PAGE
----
1st Edition

Quantitative Data Analysis for Language Assessment Volume I Fundamental Techniques

Edited By Vahid Aryadoust, Michelle Raquel Copyright 2019
    288 Pages
    by Routledge

    288 Pages
    by Routledge

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    Quantitative Data Analysis for Language Assessment Volume I: Fundamental Techniques is a resource book that presents the most fundamental techniques of quantitative data analysis in the field of language assessment. Each chapter provides an accessible explanation of the selected technique, a review of language assessment studies that have used the technique, and finally, an example of an authentic study that uses the technique. Readers also get a taste of how to apply each technique through the help of supplementary online resources that include sample data sets and guided instructions. Language assessment students, test designers, and researchers should find this a unique reference as it consolidates theory and application of quantitative data analysis in language assessment.

    List of figures
    List of tables
    Editor and contributor biographies

    Section I Test development, reliability, and generalizability

    1. Item analysis in language assessment (Rita Green)
    2. Univariate generalizability theory in language assessment (Yasuyo Sawaki and Xiaoming Xi)
    3. Multivariate generalizability theory in language assessment (Kirby C. Grabowski and Rongchan Lin)

    Section II Undimensional Rasch measurement
    4. Applying Rasch measurement in language assessment: Unidimensionality and local independence (Jason Fan and Trevor Bond)
    5. The Rasch Measurement Approach to Differential Item Functioning (DIF) analysis in language assessment research (Michelle Raquel)
    6. Application of the Rating Scale Model and the Partial Credit Model in language assessment research (Ikkyu Choi)
    7. Many-Facet Rasch Measurement: Implications for rater-mediated language assessment (Thomas Eckes)

    Section III Unvariate and multivariate statistical analysis
    8. Analysis of differences between groups: the t-test and the analysis of variance (ANOVA) in language assessment (Tuğba Elif Toprak)
    9. Application of ANCOVA and MANCOVA in language assessment research (Zhi Li and Michelle Y. Chen)
    10. Application of linear regression in language assessment (Daeryong Seo and Husein Taherbhai)
    11. Application of exploratory factor analysis in language assessment (Limei Zhang and Wenshu Luo)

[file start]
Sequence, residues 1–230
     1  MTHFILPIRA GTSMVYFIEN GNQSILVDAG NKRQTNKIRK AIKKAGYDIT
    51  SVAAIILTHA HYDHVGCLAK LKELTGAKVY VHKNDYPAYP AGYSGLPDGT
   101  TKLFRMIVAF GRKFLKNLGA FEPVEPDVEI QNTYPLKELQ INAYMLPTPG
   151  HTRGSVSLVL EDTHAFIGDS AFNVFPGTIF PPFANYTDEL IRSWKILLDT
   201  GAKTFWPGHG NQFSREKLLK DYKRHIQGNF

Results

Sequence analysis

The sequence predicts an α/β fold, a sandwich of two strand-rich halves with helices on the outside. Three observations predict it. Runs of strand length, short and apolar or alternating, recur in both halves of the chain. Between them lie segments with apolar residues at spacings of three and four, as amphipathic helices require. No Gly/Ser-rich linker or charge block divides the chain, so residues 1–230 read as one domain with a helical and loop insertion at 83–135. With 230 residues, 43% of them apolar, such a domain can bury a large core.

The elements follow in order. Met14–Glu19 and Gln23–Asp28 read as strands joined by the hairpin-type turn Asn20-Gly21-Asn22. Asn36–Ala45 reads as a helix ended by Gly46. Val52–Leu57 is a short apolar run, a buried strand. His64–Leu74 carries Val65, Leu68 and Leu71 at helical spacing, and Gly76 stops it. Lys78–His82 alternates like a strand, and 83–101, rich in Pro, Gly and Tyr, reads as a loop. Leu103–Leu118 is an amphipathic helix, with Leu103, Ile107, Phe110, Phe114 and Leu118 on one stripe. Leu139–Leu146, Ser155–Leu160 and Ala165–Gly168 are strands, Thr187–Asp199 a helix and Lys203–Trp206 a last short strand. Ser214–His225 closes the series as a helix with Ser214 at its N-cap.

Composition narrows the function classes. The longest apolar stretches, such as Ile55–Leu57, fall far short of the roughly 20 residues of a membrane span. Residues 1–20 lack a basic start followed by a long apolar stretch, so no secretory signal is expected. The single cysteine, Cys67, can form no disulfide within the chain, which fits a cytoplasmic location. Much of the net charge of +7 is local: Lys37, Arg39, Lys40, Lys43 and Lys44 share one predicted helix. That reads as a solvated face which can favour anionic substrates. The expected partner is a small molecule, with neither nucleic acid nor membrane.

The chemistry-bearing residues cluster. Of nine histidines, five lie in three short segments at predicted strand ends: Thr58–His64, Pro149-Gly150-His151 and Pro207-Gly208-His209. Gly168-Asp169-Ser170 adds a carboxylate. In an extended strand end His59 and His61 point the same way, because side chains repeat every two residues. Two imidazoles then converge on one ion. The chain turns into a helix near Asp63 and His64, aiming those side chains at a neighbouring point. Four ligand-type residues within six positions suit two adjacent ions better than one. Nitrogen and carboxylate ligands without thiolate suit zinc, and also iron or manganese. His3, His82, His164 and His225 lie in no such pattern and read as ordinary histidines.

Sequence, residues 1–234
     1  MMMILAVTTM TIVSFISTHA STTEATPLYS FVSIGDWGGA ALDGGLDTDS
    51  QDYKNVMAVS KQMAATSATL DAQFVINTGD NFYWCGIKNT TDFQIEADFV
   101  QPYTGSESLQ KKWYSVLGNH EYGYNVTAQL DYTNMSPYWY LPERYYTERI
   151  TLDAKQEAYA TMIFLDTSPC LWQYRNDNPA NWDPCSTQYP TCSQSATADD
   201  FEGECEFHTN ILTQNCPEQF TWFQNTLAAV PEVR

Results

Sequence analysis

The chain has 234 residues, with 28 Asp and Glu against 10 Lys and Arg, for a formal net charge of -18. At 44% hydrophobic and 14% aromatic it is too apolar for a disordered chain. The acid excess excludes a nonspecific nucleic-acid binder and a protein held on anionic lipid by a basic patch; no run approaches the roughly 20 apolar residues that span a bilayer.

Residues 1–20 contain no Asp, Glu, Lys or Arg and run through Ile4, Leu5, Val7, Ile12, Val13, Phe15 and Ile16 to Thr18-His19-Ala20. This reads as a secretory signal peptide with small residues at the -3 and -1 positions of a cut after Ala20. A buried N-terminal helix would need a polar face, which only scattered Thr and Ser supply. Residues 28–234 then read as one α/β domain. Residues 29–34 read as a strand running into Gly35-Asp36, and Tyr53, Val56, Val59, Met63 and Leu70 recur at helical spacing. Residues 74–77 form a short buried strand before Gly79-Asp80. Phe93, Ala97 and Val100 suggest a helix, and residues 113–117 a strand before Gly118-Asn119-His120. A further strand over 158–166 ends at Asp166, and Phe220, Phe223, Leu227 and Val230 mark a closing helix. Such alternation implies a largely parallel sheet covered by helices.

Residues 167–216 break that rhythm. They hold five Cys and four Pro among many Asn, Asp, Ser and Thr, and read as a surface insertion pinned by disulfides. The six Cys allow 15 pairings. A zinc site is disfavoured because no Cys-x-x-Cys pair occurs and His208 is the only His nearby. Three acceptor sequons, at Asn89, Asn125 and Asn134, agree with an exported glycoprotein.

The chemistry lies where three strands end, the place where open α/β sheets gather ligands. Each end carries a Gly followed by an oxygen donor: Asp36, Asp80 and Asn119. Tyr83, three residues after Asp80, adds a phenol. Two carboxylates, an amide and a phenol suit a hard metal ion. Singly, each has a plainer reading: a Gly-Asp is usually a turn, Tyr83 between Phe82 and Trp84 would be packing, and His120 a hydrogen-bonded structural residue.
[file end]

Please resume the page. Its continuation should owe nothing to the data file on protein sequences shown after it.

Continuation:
Vahid Aryadoust is an Assistant Professor of language assessment literacy at the National Institute of Education of Nanyang Technological University, Singapore. He has led a number of language assessment research projects funded by, for example, the Ministry of Education (Singapore), Michigan Language Assessment (USA), Pearson Education (UK), and Paragon Testing Enterprises (Canada), and published his research in, for example, Language Testing, Language Assessment Quarterly, Assessing Writing, Educational Assessment, Educational Psychology, and Computer Assisted Language Learning. He has also (co)authored a number of book chapters and books which have been published by Routledge, Cambridge University Press, Springer, Cambridge Scholar Publishing, Wiley Blackwell, etc. He is a member of the Advisory Board of multiple international journals including Language Testing, Language Assessment Quarterly, Educational Assessment, Educational Psychology, and Asia Pacific Journal of Education. In addition, he has been awarded the Intercontinental Academia Fellowship (2018–2019) which is an advanced research program launched by the University-Based Institutes for Advanced Studies. Vahid’s areas of interest include theory-building and quantitative data analysis in language assessment, neuroimaging in language comprehension, and eye tracking research.

    Michelle Raquel is a Senior Lecturer at the Centre of Applied English Studies, University of Hong Kong where she teaches language testing and assessment to postgraduate students. She has extensive assessment development and management experience in the Hong Kong education and government sector. In particular, she has either led or been part of a group that designed and administered large-scale computer-based language proficiency and diagnostic assessments such as the Diagnostic English Language Tracking Assessment (DELTA). She specializes in data analysis, specifically Rasch measurement, and has published several articles in international journals on this topic as well as academic English, diagnostic assessment, dynamic assessment of English second-language dramatic skills, and English for specific purposes (ESP) testing. Michelle’ research areas are classroom-based assessment, diagnostic assessment, and workplace assessment.